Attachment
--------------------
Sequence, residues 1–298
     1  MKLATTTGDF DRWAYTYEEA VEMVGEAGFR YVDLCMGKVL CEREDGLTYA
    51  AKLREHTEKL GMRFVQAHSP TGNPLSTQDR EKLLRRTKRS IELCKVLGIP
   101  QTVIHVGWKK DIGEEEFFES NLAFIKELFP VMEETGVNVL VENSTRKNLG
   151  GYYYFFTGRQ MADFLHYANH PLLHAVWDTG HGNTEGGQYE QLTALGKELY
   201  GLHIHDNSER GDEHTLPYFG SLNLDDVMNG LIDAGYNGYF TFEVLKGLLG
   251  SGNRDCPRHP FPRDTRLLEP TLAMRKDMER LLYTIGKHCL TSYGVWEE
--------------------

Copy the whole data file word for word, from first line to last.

Sequence, residues 1–298
     1  MKLATTTGDF DRWAYTYEEA VEMVGEAGFR YVDLCMGKVL CEREDGLTYA
    51  AKLREHTEKL GMRFVQAHSP TGNPLSTQDR EKLLRRTKRS IELCKVLGIP
   101  QTVIHVGWKK DIGEEEFFES NLAFIKELFP VMEETGVNVL VENSTRKNLG
   151  GYYYFFTGRQ MADFLHYANH PLLHAVWDTG HGNTEGGQYE QLTALGKELY
   201  GLHIHDNSER GDEHTLPYFG SLNLDDVMNG LIDAGYNGYF TFEVLKGLLG
   251  SGNRDCPRHP FPRDTRLLEP TLAMRKDMER LLYTIGKHCL TSYGVWEE